SWUG, dayger

Ben Zimmer bgzimmer at GMAIL.COM
Fri May 30 20:55:04 UTC 2014

Here's a working link to the 2011 YDN article:


The Urban Dictionary entry cited below is from Oct. 26, 2010:


On Fri, May 30, 2014 at 4:34 PM, Laurence Horn wrote:
> On May 30, 2014, at 2:40 PM, Ben Zimmer wrote:
>> At Yale, "SWUG" = 'senior washed-up girl' and "dayger" = 'daytime rager':
>> http://nymag.com/thecut/2013/04/meet-the-swugs-of-yale-women-washed-up-at-21.html
>> (Article is from Apr. 2013 but is showing up in social media today for some
>> reason.)
>> Larry, have these shown up on the student slang lists you've collected?
>> --bgz
> Neither of these showed up on my last incarnation of the New English Word Journal (spring 2013).
> But the previous time around, in 2011, there was this entry from the NEWJ submitted by Alon
> Harish, antedating by 2+ years Raisa Bruner's Yale Daily News article mentioned in Silverman's
> NYMag piece, viz. http://yaledailynews.com/weekend/2013/03/29/swugnation/:
> ========================
> 4. swug — [swʌg] n. 1. An acronym for “Senior Washed-Up Girl.” Any female college senior, who due
> to the mating dynamics of college students, are found less sexually desirable than their younger
> counterparts. adj. 1. Of or relating to swugs.
> Etymology: _Swug_ is not always used in a negative light. For instance, in the Urban Dictionary example,
> a girl embraces the swug lifestyle: “I texted two sophomore guys and got rejected by both, but I don't
> even care because I have a bottle of wine and my $150 vibrator—I LOVE SWUG LIFE.” In general,
> however, the term is meant as an insult when used by those who are not themselves swugs, though
> almost always in jest. For example, a recent email I received announcing a party contains the line “Bring
> your swag, not your swug.” (_Swag_ is another new word, though a few years older than _swug_, meaning
> roughly “enhanced appearance.”)
> Date and context when encountered: February 24, 2011
> In a Yale Daily News article by Cristina Constantini [sic; her name is actually *Costantini*, as below]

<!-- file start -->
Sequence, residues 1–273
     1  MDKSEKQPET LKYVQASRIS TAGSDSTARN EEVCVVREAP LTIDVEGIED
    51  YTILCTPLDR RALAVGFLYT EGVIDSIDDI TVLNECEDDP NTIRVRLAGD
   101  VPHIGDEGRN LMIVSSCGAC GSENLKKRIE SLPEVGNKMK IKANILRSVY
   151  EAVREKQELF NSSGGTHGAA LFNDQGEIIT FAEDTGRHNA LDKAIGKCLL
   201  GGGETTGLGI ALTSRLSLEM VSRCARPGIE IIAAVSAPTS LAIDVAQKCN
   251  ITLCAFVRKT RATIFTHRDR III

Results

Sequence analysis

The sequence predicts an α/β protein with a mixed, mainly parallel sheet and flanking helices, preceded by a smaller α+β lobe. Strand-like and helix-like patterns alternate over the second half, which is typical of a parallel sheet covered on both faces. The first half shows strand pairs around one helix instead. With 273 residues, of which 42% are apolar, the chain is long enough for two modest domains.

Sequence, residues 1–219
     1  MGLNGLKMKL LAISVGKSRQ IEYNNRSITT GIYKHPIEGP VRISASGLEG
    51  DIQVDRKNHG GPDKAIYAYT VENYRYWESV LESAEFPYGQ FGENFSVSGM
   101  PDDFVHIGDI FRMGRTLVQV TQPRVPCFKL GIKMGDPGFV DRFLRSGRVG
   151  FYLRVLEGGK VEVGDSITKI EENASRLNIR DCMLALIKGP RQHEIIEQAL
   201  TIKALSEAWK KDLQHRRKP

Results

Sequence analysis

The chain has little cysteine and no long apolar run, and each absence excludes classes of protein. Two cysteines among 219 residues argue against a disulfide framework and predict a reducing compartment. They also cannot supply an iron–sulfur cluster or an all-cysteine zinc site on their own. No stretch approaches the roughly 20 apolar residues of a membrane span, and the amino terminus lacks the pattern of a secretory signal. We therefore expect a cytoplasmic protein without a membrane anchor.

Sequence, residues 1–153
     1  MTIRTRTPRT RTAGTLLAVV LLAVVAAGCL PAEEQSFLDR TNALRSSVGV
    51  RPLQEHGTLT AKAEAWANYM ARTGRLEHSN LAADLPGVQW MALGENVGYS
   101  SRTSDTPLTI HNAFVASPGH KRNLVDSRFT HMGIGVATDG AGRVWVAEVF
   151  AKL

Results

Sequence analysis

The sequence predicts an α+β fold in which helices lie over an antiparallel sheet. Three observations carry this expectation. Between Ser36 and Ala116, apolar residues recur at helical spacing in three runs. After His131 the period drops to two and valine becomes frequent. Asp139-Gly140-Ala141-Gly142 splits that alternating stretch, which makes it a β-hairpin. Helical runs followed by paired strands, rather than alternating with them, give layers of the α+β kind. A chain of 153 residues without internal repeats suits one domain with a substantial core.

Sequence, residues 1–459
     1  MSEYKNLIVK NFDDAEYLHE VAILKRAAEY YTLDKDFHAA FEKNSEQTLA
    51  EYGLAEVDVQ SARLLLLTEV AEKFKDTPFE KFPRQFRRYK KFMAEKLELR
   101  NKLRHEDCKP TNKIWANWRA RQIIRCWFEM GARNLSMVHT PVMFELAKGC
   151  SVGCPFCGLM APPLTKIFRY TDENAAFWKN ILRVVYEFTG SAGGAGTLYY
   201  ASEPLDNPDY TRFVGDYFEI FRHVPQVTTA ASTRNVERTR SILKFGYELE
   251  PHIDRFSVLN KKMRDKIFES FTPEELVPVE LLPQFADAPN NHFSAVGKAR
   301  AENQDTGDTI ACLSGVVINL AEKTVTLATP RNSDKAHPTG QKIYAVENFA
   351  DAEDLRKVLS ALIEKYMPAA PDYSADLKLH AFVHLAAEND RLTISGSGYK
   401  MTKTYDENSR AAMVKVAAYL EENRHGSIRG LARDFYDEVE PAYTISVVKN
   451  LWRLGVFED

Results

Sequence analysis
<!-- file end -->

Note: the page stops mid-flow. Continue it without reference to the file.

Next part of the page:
> (http://www.yaledailynews.com/news/2011/feb/24/costantini-academic-paper-titles-bullshitdialecti/?
> print), the author lists 30 academic paper titles, half of which were taken from actual papers
> submitted in Yale classes. One title contained swug in its original form: “A Woman’s Right to Booze:
> Deconstructing the Feminist Narrative of Marginalized S.W.U.G. Communities”
> I have since heard swug on numerous occasions both in and outside of the Yale Daily News, most
> recently at a meeting Mar. 28.
> ============================
> Note that Mr. Harish's link doesn't work as given, but perhaps the article can be tracked down by other
> means, although a search under "Costantini" turned up nothing by her, just two articles in which she
> was mentioned by name (she was a graduating senior in 2011).  Googling "SWUG" at the YDN cite
> provides no hits earlier than this column--
> http://yaledailynews.com/blog/2012/09/24/drimal-profile-of-a-swug/
> --by Chloe Drimal. (Drimal was cited as a source of inspiration on SWUGgery by Bruner in her
> above-linked March '13 YDN piece later that same academic year.)
> And from last fall there's also FWUG, the refreshingly sex-inclusive Freshman Washed-Up Guy/Girl:
> http://yaledailynews.com/blog/2013/09/06/milstein-profile-of-a-fwug/.  Evidently, you can never be washed
> up too early!
> Given that Mr. Harish provided his cite in the spring of 2011, I'm inclined to think he did pick it up from
> a column in some YDN issue from that spring, even if I can't locate it online.  (I probably have a copy
> somewhere in my office.)
> Isn't it reassuring to know the august traditions of your own Bright College Days at Yale are still as
> hallowed as ever, Ben?
> LH
> P.S. Nothing on "dayger".

The American Dialect Society - http://www.americandialect.org

More information about the Ads-l mailing list